Instead of waking up early to fight the crowds for deals on Black Friday, new research finds more consumers will be staying home this year.
According to a survey conducted by Accenture Consulting, slightly more than half (52 percent) of shoppers said they are less likely to shop on Black Friday this year, and 42 percent were less likely to shop Cyber Monday compared to previous years.
Nearly two-thirds of shoppers polled (64 percent) cited crowds are their top reason for avoiding Black Friday shopping. For others, the idea of bargain-hunting outside the home may not seem logical in an age where it’s possible to score great deals on gifts year round.
Age of Amazon
Shoppers plan to do more than half of their holiday shopping from the comfort of their home computer. The expected drop in shopping during the peak holiday shopping days is likely due to the availability of deals and discounts available online 24/7, the study suggested.
Nearly two-thirds of consumers (64 percent) said they shop for holiday gifts throughout the year, taking advantage of discounts available on deal websites. More than four in 10 respondents (44 percent) believed they could get equally good discounts other days of the year, like Amazon Prime day.
“Given the rise of constant discounts and promotions on sites such as Amazon, consumers are doing more of their holiday shopping year-round, and this is proving to be the biggest competitor to the traditional peak holiday shopping days,” said Jill Standish, senior managing director and head of Accenture’s retail practice.
Consumers who do brave the crowds on Black Friday may be somewhat more frugal this year compared to previous years, likely due to the state of their finances. The study found that the number of consumers who said they plan to spend more this year dropped by 11 percent.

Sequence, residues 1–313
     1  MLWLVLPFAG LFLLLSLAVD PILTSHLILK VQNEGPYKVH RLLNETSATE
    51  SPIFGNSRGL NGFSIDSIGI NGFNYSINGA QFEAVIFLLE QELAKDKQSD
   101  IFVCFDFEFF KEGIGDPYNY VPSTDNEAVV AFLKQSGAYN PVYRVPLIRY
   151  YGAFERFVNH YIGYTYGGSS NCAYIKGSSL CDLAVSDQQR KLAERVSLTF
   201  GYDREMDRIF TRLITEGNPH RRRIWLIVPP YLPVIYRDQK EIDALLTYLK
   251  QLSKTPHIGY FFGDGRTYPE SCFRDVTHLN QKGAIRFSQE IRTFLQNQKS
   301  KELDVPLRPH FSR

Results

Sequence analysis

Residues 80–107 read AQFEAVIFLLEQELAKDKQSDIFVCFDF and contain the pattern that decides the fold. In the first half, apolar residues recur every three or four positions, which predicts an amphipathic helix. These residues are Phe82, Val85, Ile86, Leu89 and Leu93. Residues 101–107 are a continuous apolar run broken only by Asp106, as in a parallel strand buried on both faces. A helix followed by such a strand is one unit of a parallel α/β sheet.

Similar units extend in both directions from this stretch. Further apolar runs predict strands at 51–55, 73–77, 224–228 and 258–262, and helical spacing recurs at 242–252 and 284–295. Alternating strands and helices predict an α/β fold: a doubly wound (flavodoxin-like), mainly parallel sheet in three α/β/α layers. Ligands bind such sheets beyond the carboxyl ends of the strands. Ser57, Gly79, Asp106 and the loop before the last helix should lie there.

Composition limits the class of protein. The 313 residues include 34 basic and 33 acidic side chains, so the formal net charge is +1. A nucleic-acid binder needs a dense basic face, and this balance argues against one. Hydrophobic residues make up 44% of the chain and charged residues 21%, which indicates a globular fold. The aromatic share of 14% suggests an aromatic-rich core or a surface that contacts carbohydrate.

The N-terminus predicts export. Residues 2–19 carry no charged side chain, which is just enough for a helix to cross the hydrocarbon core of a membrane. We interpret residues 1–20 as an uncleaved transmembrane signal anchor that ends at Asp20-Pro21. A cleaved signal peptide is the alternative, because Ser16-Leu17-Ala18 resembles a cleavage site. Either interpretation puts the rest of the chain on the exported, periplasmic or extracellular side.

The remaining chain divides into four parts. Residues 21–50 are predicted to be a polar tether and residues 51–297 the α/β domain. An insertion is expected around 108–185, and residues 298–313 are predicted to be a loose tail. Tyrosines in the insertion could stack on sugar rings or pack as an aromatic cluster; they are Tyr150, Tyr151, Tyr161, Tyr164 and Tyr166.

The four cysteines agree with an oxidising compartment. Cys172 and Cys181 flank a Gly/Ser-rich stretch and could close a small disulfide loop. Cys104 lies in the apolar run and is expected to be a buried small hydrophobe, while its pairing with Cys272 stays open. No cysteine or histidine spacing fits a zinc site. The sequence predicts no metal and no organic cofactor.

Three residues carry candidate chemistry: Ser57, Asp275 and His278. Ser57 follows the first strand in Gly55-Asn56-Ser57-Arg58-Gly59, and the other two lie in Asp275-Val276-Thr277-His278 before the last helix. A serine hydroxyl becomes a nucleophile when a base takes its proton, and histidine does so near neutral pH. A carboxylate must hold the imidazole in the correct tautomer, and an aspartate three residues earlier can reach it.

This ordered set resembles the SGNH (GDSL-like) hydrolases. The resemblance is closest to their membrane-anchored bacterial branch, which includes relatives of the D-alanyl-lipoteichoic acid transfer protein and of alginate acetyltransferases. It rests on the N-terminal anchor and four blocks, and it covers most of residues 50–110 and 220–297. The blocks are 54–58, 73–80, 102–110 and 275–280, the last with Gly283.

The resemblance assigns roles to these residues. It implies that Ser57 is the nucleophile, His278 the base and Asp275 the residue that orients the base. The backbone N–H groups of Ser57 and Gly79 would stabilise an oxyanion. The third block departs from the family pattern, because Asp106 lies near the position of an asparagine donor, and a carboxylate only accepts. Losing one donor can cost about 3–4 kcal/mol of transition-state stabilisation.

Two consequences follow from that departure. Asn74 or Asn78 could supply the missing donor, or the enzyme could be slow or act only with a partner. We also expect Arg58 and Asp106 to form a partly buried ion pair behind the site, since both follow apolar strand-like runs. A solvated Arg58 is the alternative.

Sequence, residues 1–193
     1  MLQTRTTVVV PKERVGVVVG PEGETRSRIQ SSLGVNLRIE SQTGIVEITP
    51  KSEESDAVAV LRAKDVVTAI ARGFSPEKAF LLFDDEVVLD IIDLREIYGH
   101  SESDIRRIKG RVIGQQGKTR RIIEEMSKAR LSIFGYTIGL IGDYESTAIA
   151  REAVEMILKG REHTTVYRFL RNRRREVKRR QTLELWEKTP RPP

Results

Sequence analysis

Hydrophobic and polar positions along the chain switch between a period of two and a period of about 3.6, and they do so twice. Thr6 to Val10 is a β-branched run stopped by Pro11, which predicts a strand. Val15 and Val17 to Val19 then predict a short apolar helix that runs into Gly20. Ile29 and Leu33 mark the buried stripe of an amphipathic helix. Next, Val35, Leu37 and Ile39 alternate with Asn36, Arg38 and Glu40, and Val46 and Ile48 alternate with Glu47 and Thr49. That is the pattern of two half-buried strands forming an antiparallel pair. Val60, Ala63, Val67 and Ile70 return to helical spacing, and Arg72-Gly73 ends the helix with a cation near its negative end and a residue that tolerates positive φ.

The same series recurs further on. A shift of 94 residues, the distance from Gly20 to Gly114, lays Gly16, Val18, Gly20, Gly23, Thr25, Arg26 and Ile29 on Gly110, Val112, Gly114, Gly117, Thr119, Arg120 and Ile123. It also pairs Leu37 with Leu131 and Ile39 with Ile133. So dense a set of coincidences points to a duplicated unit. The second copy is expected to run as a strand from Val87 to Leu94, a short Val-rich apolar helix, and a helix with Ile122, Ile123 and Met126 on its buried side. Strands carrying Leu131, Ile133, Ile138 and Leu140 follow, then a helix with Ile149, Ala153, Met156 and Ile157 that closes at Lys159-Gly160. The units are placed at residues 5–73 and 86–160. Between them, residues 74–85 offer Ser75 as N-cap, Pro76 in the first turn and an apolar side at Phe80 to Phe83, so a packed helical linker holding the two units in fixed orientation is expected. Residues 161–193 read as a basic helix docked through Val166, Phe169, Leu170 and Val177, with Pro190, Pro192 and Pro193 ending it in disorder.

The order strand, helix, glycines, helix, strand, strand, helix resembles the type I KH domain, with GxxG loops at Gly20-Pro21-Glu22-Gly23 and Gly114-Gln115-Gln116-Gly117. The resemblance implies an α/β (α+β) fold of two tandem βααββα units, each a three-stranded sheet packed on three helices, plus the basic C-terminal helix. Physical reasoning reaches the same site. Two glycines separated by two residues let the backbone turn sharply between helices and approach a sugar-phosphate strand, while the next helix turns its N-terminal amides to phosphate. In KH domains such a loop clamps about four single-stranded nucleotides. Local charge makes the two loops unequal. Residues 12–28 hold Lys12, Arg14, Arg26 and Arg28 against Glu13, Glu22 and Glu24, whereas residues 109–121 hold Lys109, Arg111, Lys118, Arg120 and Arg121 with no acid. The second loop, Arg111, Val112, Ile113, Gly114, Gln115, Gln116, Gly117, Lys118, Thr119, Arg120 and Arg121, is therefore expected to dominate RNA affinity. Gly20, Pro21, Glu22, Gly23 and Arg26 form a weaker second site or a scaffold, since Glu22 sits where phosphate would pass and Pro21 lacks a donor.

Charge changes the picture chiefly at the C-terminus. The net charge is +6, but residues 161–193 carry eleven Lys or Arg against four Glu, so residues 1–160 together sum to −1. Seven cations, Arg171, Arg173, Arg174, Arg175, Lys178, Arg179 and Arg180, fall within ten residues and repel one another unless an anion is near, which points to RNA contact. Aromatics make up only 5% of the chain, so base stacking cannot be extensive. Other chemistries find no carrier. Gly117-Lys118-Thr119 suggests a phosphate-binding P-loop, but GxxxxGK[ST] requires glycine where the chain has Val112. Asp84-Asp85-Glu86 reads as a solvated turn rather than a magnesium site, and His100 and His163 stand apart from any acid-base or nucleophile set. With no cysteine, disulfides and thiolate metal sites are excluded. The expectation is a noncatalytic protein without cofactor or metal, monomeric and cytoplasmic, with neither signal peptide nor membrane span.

Fueling consumers’ frugality may be the fact that just 29 percent of respondents said they were optimistic about their financial situation coming into the holiday period, compared with 34 percent last year.
Additionally, shoppers will do their homework before parting with their money to buy holiday gifts. More than four in five shoppers (84 percent) said they check Amazon before looking or buying elsewhere. Three-quarters (76 percent) said they will shop for a product online before purchasing it at a brick-and-mortar store, and roughly the same number said they plan to visit a store to review a product before purchasing it online.
Findings from the online survey mirrored those of another recent study by Forbes, which found that 75 percent of younger shoppers (those 18 to 35) planned to continue their holiday shopping into the weeks following Black Friday, not just on the day itself.
Of those who do shop Thanksgiving week, only 35 percent said they would do the majority of their shopping on Black Friday, compared with 51 percent last year and 59 percent in 2015
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